Vaccines for preventing severe salmonella infections in people with sickle cell disease

Review question

Does the routine administration of salmonella vaccines to people with sickle cell disease reduce the morbidity and mortality associated with infection.

Background

Salmonella organisms are probably second only to pneumococcus among bacterial causes of infection in people with sickle cell disease. Infection with these bacteria can lead to complications and reduce the quality of life of people with the disease and sometimes result in death. Immunization with salmonella vaccines is one of the interventions available to reduce infection by these bacteria. There are different types of vaccines available: the inactivated vaccines and the oral vaccines.

Search date

The evidence is up to date as of 17 October 2018.

Study characteristics

We did not find any randomized controlled trials assessing these vaccines in people with sickle cell diseases.

Key Results

We conclude that there is a need for a randomized controlled trial to assess the benefits and risks of the different types of vaccines to evaluate the potential for improving survival and decreasing mortality from salmonella infections in people with sickle cell disease. However, we believe that there are unlikely to be any trials published in this area, therefore, this review will no longer be regularly updated.

Authors' conclusions: 

It is expected that salmonella vaccines may be useful in people with sickle cell disease, especially in resource-poor settings where the majority of those who suffer from the condition are found. Unfortunately, there are no randomized controlled trials on the efficacy and safety of the different types of salmonella vaccines in people with sickle cell disease. We conclude that there is a need for a well-designed, adequately-powered, randomized controlled trial to assess the benefits and risks of the different types of salmonella vaccines as a means of improving survival and decreasing mortality from salmonella infections in people with sickle cell disease. However, we believe that there are unlikely to be any trials published in this area, therefore, this review will no longer be regularly updated.

Read the full abstract...
Background: 

Salmonella infections are a common bacterial cause of invasive disease in people with sickle cell disease especially children, and are associated with high morbidity and mortality rates. Although available in some centres, people with sickle cell anaemia are not routinely immunized with salmonella vaccines. This is an update of a previously published Cochrane Review.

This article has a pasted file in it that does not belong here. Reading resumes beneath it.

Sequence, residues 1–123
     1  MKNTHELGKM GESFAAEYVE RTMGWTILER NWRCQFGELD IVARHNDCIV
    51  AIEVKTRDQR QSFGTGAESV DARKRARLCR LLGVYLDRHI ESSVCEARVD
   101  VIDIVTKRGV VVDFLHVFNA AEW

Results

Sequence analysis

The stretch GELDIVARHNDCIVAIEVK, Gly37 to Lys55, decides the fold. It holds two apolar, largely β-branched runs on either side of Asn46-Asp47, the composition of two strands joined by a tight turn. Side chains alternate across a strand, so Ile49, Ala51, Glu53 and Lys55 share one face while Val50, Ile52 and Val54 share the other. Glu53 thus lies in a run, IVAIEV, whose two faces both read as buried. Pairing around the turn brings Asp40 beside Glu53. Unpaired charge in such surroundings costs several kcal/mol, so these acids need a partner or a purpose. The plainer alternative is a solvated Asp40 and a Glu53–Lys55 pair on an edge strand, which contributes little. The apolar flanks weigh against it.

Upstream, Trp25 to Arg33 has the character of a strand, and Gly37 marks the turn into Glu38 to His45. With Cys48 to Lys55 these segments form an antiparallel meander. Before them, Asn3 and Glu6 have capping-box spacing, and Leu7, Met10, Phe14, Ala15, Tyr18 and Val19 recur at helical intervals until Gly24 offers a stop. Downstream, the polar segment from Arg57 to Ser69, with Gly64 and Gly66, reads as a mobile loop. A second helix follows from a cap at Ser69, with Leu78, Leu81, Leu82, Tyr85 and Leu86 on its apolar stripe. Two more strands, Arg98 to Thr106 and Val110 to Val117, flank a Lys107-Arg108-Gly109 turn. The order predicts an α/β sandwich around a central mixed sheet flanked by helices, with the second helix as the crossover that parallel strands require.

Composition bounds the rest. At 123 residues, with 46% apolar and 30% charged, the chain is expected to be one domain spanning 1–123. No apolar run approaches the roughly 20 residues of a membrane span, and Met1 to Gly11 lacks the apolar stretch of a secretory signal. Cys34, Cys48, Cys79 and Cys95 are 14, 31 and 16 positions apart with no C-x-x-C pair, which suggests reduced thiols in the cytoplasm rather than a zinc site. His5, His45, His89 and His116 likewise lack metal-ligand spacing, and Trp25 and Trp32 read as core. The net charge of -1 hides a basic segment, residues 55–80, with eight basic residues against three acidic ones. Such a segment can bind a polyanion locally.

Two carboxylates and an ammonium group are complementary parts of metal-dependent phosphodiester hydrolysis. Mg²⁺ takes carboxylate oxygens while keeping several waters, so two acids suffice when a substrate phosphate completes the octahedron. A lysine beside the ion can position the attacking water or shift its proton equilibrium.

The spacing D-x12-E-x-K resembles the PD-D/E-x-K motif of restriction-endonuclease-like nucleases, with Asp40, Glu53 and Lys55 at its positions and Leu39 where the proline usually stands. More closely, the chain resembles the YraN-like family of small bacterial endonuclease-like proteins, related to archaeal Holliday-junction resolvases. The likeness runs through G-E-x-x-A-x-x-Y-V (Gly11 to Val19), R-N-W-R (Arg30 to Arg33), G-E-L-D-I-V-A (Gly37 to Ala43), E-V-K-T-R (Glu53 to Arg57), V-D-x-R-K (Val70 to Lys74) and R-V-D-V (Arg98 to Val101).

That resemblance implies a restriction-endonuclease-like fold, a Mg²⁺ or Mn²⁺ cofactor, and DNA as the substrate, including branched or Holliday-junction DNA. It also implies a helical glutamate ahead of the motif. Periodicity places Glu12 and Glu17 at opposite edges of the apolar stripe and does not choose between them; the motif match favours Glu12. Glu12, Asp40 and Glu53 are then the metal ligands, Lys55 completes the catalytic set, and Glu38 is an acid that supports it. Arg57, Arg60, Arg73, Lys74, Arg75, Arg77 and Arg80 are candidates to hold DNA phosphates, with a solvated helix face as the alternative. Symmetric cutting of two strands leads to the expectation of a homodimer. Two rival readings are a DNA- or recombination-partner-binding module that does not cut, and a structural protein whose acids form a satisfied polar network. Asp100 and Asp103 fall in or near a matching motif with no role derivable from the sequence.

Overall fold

Objectives: 

To determine whether routine administration of salmonella vaccines to people with sickle cell disease reduces the morbidity and mortality associated with infection.

Search strategy: 

We searched the Cochrane Cystic Fibrosis and Genetic Disorders Group Trials Register which comprises of references identified from comprehensive electronic database searches and handsearches of relevant journals and abstract books of conference proceedings.

We also conducted a search of the LILACS database and the World Health Organization International Clinical Trials Registry Platform (www.who.int/trialsearch) and ClinicalTrials.gov (www.clinicaltrials.gov).

Date of most recent searches: 17 October 2018.

Selection criteria: 

We planned to select all randomized controlled trials that compared the use of either the inactivated vaccine or an oral attenuated vaccine with a placebo among people with sickle cell disease. Equally, studies that compared the efficacy of one vaccine type over another were to be selected for the review.

Data collection and analysis: 

No trials of salmonella vaccines in people with sickle cell disease were found.

Main results: 

There is an absence of randomized controlled trial evidence relating to the scope of this review.

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